In time, Espina’s perfectionism when crafting his brand started to get the attention of players in places like Germany and China. Eventually, the popularity of JodyJazz transformed it into a full-time, international business.

A New Home

Espina’s brother Jamey told Jody that he and his wife should move to Savannah. This way they could be closer to their mother and far away from big-city headaches.

“He said, ‘We’ve got to take care of our mom and you guys should start having kids,’” Espina says.

He took not only his brother’s advice but also the advice of places like the Savannah Economic Development Center and the Small Business Development Center to establish a physical space for JodyJazz. It is not a low-key operation either—Espina’s 4,500 square foot factory has five CNC machines, which use pre-programmed software to dictate the movement of the mouthpiece manufacturing tools. 

In addition to the operation at home, Espina also travels to trade shows to present his mouthpieces personally, a task that other companies leave solely to the sales rep. He takes about two trips a month.

Now, JodyJazz mouthpieces are available in more than 300 music stores worldwide, and Espina is always designing and prototyping new pieces. Many of his 18 employees are, like him, also professional musicians.

“It was always difficult to balance family and performing with the demands of the business,” Espina says. “But I’ve never had a doubt about JodyJazz—it always felt like the right thing to be doing.”

Espina also missed New York at first, but like all transplants he fell in love with Savannah after a while.

“Of course I love the food, the beautiful architecture,” he says. “But I also got used to the rhythm here. Everything’s 15 minutes away. Compared to Manhattan, it’s so mellow.”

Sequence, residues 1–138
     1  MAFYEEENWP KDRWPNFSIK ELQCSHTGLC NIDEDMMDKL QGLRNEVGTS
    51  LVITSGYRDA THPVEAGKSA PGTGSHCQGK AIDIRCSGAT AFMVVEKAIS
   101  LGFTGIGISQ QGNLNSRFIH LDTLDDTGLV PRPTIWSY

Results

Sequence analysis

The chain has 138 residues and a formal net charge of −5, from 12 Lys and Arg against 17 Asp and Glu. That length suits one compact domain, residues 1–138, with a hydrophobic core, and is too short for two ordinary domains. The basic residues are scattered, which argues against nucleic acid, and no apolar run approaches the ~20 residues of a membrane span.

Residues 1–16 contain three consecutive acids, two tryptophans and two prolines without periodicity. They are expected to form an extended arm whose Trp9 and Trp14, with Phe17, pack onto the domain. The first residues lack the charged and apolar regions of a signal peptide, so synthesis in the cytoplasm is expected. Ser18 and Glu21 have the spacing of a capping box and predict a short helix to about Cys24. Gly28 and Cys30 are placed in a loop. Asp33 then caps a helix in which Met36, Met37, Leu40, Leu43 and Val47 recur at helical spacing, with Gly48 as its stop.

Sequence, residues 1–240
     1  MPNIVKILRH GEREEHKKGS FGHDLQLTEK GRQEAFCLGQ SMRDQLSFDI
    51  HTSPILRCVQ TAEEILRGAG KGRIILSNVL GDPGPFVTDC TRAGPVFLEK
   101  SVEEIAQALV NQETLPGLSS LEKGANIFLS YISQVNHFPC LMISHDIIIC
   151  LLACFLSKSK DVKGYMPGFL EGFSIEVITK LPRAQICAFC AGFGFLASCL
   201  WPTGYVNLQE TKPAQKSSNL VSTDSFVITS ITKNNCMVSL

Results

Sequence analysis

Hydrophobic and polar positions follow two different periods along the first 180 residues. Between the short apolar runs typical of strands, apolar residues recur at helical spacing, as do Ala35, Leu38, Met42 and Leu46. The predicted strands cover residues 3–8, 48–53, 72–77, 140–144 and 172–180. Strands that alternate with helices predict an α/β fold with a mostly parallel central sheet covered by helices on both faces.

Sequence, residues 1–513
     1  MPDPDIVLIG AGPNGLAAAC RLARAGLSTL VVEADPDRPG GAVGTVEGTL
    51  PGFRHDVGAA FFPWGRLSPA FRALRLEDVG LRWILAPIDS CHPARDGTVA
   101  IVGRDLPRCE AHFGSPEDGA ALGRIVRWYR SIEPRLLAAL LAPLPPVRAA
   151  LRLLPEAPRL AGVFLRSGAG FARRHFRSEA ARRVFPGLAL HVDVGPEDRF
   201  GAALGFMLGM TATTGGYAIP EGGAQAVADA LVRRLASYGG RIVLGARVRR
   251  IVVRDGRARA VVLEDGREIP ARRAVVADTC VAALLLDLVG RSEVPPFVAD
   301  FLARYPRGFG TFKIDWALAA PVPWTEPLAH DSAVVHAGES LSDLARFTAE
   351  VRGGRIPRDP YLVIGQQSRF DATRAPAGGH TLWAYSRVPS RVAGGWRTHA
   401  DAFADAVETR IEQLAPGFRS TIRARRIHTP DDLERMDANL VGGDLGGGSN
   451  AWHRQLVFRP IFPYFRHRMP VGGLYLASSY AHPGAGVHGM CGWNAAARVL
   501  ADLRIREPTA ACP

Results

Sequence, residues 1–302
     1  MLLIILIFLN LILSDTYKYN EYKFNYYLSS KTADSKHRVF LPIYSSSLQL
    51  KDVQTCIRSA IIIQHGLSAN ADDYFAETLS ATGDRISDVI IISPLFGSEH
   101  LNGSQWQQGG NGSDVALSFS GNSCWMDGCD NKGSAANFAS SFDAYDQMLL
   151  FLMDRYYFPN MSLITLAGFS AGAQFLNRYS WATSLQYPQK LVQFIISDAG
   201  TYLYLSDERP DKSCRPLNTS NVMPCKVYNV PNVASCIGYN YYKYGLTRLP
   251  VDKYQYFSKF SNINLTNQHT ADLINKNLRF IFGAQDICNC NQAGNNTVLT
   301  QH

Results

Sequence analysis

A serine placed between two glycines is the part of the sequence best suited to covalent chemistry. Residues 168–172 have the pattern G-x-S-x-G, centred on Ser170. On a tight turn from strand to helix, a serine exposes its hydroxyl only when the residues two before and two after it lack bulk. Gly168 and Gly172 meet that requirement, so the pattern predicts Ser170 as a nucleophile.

Anyone Can Play

You don’t have to be a brass or woodwind player to realize that a person’s lung capacity naturally declines as they age. While sudden difficulty in breathing or shortness of breath require a doctor’s visit, it is normal for breathing to get just a little bit more difficult as you get older.

“For older players, if you are in better shape and don’t smoke, you can play longer,” Espina says. But he also discovered that some of his mouthpiece designs could help performers who suffer from emphysema or other lung issues.

“They weren’t initially made for that purpose, but we found that they work really well for that,” Espina says. “The different tip openings have helped a lot of people in their later years to get the most free blowing mouth piece they can get. And they can still get a big sound out of it.”

Despite the complexity of designing and creating high-end mouthpieces for elite performers, Espina has never forgotten where it all began—the joy of picking something up and making a cool sound with it. It doesn’t matter whether you are 16 or 60.

“A lot of people pick up sax in their retirement years,” he says. “I encourage anyone who’s interested to rent a horn and just start. It’s a joy to get a sound out of that thing. And then just take your time, you know? If you learn “Mary Had A Little Lamb,” that’s cool, man. You did it.”


What’s happening inside your lungs when you play an instrument, laugh, or even just breathe? Take a closer look here.


Learn more about JodyJazz on their website or Facebook page